The Backbone of Finance is Going To Change

Most people deal with finance by filling out forms.  They go to the bank, fill out a form and get an account.  They go to the bank, fill out a form, get a loan.  They go to the insurance company, fill out a form, get a policy.  I wish it was only one form, but the reality it’s usually a lot of forms and disclosures.

The biggest innovation in that part of finance is that it’s gone virtual.  You can do it in your pajamas.

There are plenty of apps out there that teach you how to save, monitor spending, do lead generation for banking, insurance and brokerage companies.  There are apps that track your expenses and put them in reports.

The next action in finance is going to be in the backbone.  It’s going to be behind the scenes and it is going to be huge. It’s going revolutionize how banks and institutions interact with each other.  There will be several different areas which will radically change in the next ten years.

  1.  Risk Assessment and Risk Mitigation
  2.  Compliance and Regulatory
  3.  Capital Efficiency and Management
  4.  Transparency, Information, Data
  5.  Payments
  6.  Reporting
  7.  Back Office Functionality

To 99% of investors, these areas are not exciting to work with.  You can’t go to a cocktail party and show someone the new Reporting app on your phone.  But, they are really exciting to me because the markets are so big and so ripe to be transformed.  It’s also very hard to understand how big the markets are unless you have been in them.  It’s just not sexy to most investors to write a check to a startup that looks like it’s going to sell for anything less than a billion dollars.

Interestingly, the Midwest has a lot of local DNA in all these different areas.  I was talking with a person that recently started a company here attacking the Financial Services space and they said the amount of talent here, and the cost to get that talent was a significant difference for them.  They couldn’t imagine building their company anywhere else.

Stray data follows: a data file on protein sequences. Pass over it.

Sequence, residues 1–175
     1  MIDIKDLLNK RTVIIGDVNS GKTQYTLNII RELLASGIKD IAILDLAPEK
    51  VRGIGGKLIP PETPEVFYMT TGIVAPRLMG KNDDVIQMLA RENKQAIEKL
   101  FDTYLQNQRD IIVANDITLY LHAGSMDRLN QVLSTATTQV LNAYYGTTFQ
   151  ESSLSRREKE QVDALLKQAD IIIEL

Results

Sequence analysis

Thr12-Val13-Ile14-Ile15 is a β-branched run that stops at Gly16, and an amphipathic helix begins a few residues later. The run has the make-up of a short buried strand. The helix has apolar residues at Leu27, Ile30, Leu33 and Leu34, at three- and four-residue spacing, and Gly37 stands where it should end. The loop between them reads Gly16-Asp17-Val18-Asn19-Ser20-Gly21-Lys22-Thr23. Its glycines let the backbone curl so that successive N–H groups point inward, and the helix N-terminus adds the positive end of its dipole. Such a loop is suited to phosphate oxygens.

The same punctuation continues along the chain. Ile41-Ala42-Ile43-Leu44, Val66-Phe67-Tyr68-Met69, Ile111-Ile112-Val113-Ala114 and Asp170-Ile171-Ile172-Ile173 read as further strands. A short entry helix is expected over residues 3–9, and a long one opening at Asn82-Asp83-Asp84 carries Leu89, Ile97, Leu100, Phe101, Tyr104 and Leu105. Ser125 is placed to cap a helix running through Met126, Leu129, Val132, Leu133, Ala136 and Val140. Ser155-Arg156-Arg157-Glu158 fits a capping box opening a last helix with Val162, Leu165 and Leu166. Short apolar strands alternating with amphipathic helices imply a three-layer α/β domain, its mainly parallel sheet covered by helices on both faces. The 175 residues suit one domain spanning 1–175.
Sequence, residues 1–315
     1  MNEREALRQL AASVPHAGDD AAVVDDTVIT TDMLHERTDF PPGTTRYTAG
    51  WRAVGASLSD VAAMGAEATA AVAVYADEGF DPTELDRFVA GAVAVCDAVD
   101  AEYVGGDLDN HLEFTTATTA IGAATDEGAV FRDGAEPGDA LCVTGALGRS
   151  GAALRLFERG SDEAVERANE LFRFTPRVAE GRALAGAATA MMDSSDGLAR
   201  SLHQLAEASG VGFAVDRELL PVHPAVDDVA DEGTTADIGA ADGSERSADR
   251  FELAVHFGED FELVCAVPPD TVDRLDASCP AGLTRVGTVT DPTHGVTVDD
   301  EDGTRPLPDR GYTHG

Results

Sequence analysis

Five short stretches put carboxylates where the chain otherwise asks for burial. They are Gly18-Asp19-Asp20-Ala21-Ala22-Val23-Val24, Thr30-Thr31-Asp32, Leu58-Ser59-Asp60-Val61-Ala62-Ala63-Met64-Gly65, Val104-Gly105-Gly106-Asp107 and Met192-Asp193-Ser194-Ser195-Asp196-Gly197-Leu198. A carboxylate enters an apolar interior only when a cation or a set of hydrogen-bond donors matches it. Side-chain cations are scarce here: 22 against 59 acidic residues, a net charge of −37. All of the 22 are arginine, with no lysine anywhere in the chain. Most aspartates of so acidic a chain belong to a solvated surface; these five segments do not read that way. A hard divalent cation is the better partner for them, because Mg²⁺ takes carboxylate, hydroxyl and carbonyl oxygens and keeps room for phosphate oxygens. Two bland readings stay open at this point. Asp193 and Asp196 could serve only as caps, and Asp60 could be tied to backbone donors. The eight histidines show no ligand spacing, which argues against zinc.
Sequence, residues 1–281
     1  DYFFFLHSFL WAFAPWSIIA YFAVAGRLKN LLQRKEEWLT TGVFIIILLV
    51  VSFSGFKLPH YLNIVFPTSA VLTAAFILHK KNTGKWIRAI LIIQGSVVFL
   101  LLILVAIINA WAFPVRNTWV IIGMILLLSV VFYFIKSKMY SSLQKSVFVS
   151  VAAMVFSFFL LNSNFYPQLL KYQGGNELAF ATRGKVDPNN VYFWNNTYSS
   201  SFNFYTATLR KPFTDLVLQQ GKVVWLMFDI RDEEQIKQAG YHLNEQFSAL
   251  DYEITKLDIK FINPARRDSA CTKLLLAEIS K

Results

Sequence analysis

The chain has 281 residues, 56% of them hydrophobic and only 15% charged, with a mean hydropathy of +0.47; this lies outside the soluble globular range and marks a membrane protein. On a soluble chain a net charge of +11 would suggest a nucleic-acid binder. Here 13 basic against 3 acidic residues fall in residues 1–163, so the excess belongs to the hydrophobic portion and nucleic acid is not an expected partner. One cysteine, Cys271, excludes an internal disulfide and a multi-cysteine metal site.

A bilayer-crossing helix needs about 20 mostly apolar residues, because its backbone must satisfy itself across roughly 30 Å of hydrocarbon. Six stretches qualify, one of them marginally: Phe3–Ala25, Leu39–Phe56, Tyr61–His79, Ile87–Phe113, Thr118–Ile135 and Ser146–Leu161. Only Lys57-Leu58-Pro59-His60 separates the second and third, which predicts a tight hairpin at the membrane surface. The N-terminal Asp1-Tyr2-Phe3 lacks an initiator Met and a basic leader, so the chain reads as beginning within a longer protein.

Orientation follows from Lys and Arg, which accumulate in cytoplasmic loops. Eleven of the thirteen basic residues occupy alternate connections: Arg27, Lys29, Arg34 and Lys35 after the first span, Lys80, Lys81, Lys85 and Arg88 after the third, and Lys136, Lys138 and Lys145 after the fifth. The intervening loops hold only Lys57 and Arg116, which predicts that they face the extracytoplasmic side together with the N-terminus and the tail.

When we get to the other side, the cost of financial services will go down significantly, allowing more people to take advantage of them.  The marketplace will be more transparent and much easier to transact in.  Hopefully, the amount of actual forms that someone has to fill out will go down or be eliminated.

 

  • JustanotherCabDriver

    I Started my career in Financial Services in the Midwest though I’ve been all around the country since. There is an ENORMOUS reason that Financial Services firms have located their offices to the Midwest: Education and Quality of workforce and Cost. CIGNA moved it’s employee benefits offices to DeMoines, right next to The Principal Financial Group, largest 401(k) processor and vendor for a reason. Lincoln National is in Ft. Wayne IN, Union Central and Ameritas are in Nebraska and Cincinnati Ohio, Fidelty Investments Broker Dealer investment processing is in Kentucky just across the bridge from Cincinnati. You can make a house payment there for $1200 -$1500 a month and one day own the place. In San Francisco that gets you maybe one room in a two bedroom dive flat in a bad neighborhood that takes 40 minutes plus to commute from on bad buses to down town. All this automation is of course going to eliminate a lot of jobs and maybe all those financial services workers can go over to the Tyson Chicken plant or to the Hog processing plant but they’ll have to accept a lower standard of living, because well those jobs they’ll be competing for against new “Citizens” and Democratic voters from Latin America. Some of those people will be out of work for long periods, maybe they’ll take up blogging.

    Automation, doing the jobs Americans don’t want to do. S

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